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Bucks County firm EPAM has sided with Ukraine, and will stop serving Russian clients

Newtown-based EPAM Systems Inc. says it is discontinuing services to customers in Russia and will spend $100 million to support its 14,000 employees in Ukraine

EPAM Systems on March 4, 2022 said it would stop doing business with Russians.
EPAM Systems on March 4, 2022 said it would stop doing business with Russians.Read moreEPAM

EPAM, the Newtown-based software outsourcing firm that built a $4 billion yearly business largely with software professionals from across the former Soviet Union, has come off the fence and declared its support for Ukraine, where it has 14,000 workers.

The company’s founder and chief executive, Arkadiy Dobkin, was born in Belarus, where the government is allied with Russia. EPAM’s initial statement on Feb. 28 was studiously neutral, referring to the Russian invasion as “military actions in Ukraine.”

But in a statement Friday, EPAM announced “its full support of Ukraine and calls for the immediate end to the unlawful and unconscionable attack on the people of Ukraine.”

» READ MORE: This billion-dollar software firm in Newtown, Pa., employs thousands of engineers in Ukraine

”We will cease serving Russian clients,” David Straube, a spokesperson for the company, said Friday. He noted the cutoff “will not happen overnight,” and the company has “no timetable” for finishing ongoing work. “But it will be quickly.” The company had no comment on what will happen to its 6,000 staff in Russia.

EPAM also said it will commit $100 million to helping its employees and their families in Ukraine.

“What is happening in Ukraine is deeply personal for us. Our colleagues around the world are united in support” of EPAM’s Ukrainian staff and their families, added Dobkin in his statement.

The company also employs staff in Russia, its ally Belarus, and other former Soviet republics, as well as in Latin America and India.

A week before Russia attacked on Feb 24, Dobkin told investors that EPAM was shifting business away from the former Soviet republics. But he added that more than half of EPAM’s nearly $4 billion in yearly sales are still serviced from that region.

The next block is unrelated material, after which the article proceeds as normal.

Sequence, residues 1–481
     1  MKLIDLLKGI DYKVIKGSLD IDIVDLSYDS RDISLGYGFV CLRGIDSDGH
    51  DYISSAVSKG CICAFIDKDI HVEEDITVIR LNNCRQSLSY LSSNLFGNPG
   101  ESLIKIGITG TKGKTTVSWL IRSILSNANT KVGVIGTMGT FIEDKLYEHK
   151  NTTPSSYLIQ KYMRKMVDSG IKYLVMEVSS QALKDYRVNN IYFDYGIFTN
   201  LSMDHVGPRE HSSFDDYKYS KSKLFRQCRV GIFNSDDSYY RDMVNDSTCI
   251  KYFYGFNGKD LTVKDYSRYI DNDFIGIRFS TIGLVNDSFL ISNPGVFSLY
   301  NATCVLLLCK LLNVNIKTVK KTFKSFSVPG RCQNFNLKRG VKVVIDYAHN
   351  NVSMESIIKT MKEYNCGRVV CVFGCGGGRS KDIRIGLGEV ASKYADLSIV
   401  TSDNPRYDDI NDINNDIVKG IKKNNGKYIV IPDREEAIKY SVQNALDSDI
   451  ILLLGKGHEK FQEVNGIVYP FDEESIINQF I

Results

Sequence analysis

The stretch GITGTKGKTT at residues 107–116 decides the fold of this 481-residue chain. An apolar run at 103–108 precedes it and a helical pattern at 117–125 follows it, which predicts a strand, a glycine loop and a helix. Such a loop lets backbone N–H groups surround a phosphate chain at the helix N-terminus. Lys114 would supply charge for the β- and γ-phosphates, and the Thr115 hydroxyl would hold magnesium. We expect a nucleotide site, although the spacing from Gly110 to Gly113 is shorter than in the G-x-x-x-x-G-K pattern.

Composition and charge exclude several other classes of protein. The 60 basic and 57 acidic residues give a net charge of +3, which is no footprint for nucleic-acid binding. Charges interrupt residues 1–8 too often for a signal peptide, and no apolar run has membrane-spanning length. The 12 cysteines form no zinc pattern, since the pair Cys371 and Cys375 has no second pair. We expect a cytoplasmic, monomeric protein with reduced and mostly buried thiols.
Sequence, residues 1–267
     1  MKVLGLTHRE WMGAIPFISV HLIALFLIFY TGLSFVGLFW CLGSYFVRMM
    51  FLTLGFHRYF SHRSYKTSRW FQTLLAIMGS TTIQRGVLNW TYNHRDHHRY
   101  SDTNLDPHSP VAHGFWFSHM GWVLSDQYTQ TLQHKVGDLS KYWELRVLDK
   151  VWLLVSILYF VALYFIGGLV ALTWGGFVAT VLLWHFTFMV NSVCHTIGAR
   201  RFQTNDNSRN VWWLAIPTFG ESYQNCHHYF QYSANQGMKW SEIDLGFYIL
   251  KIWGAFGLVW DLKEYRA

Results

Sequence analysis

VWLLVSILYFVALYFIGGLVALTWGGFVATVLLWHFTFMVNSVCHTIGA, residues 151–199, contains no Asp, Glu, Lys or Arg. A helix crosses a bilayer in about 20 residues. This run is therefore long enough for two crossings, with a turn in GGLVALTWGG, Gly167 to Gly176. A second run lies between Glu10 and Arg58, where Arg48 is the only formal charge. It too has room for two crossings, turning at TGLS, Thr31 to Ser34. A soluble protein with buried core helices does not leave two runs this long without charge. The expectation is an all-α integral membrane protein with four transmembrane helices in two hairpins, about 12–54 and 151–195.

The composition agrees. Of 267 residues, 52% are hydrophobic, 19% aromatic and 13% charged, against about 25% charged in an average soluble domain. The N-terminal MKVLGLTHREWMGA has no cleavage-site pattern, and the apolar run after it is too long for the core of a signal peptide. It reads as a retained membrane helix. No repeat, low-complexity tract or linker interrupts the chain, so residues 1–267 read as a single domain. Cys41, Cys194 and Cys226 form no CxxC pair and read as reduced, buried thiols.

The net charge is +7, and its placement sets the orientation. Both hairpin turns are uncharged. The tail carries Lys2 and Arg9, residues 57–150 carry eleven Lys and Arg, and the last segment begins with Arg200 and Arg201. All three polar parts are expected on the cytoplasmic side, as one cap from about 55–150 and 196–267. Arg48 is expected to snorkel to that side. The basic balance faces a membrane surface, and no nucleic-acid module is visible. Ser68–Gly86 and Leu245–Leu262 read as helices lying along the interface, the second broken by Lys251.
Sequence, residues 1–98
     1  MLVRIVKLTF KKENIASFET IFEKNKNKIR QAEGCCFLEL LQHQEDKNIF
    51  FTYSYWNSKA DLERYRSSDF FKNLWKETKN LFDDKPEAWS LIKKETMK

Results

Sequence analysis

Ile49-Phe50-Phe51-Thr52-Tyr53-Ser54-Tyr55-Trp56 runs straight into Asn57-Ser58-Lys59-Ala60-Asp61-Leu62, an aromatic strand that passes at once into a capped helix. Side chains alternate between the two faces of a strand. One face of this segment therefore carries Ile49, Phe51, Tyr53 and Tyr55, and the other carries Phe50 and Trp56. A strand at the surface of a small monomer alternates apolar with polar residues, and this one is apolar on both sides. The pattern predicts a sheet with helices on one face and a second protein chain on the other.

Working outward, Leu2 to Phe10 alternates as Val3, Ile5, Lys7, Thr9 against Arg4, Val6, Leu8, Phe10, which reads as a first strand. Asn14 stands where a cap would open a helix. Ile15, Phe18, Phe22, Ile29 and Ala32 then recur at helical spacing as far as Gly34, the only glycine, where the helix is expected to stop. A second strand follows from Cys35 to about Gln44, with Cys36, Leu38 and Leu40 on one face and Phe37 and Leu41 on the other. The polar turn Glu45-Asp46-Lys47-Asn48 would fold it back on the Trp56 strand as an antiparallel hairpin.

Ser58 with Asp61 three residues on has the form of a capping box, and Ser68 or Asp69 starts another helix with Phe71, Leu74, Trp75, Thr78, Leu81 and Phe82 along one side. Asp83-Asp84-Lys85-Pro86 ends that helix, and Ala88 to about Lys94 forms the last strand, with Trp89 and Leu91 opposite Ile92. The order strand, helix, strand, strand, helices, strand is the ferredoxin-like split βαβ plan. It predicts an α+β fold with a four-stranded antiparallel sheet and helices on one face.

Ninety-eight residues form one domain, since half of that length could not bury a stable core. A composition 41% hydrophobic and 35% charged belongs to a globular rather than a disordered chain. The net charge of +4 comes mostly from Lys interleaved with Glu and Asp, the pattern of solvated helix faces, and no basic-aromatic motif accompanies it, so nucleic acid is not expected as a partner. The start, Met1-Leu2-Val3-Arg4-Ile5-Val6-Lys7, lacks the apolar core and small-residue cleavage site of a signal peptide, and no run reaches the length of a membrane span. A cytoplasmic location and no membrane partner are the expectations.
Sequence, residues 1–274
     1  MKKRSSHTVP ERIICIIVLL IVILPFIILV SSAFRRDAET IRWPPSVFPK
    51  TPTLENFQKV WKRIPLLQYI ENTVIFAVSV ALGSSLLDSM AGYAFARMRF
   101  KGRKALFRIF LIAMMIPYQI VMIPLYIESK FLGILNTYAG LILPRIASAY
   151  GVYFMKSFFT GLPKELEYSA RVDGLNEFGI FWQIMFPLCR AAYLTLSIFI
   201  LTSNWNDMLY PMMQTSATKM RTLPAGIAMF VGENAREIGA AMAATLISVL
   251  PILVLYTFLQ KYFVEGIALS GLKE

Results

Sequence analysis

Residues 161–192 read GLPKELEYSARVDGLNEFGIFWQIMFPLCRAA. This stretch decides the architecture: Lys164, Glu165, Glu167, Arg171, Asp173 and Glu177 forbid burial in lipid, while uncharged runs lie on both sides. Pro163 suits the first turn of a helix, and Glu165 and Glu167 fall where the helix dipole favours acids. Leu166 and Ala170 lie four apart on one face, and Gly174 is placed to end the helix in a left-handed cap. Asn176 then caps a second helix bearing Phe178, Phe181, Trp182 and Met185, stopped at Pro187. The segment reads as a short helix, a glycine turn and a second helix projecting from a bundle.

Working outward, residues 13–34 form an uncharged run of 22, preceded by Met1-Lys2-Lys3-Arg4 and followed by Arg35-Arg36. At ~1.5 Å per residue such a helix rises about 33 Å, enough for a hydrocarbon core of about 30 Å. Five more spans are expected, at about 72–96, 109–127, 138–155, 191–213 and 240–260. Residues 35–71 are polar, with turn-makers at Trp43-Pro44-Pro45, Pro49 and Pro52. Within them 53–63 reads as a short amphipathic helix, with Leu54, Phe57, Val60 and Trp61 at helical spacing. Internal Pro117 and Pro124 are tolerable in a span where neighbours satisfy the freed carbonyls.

» READ MORE: EPAM shares fall again as Pa.-based software giant rushes to save its engineers caught in Ukraine invasion

He had hoped damage to the company’s business would be no worse than when Russia occupied parts of Ukraine in 2014. But Russia’s attack this time was on a much wider front, focusing on Ukraine’s major cities.

EPAM, which last year was added to the S&P 500 index of the biggest American companies, has seen its share value fall to around $200, from over $700 in early December, destroying more than $25 billion in market valuation. Investors feared that EPAM’s business would be disrupted, first by Russia’s warlike moves, and then by its invasion, now in its second week..

EPAM’s move was accompanied by a bright “We Stand With Ukraine” banner and a heart in the blue-and-yellow colors of the Ukrainian flag on the first page of its English-language web site. That led to its removal late Friday morning from a list of “Companies Supporting War” in Ukraine compiled by the Ukraine-based business-intelligence software firm Molfar, according to chief marketing officer Elena Petukhova.

EPAM had been listed, not with companies that directly support the war, but with a larger group of companies whose position was “nuanced.”

“Just learned that EPAM is closing offices in Russia. The company has been removed from the list,” Petukhova confirmed in an email Friday morning from Ukraine.

”The status of EPAM was ‘nuanced’ before today’s commitment because Dobkin in his earlier statements had ignored “the fact of Russia’s invasion of the territory of Ukraine,” Artem Starosiek, chief executive of Molfar, told The Inquirer. “You can’t be neutral right now.”

EPAM has 6,000 employees in Russia itself, Starosiek added. “There is no information about what will happen to them.”

In committing $100 million, EPAM is following other Ukrainian information technology companies that have “organized fund-raising for the army,” Starosiek said. EPAM’s commitment “is larger” than many others, he noted, “but corresponds to the size of the company.”

Also in Friday’s statement, EPAM confirmed that it “does not do work for the government in Russia,” and that it will comply with “all sanctions” against Russia.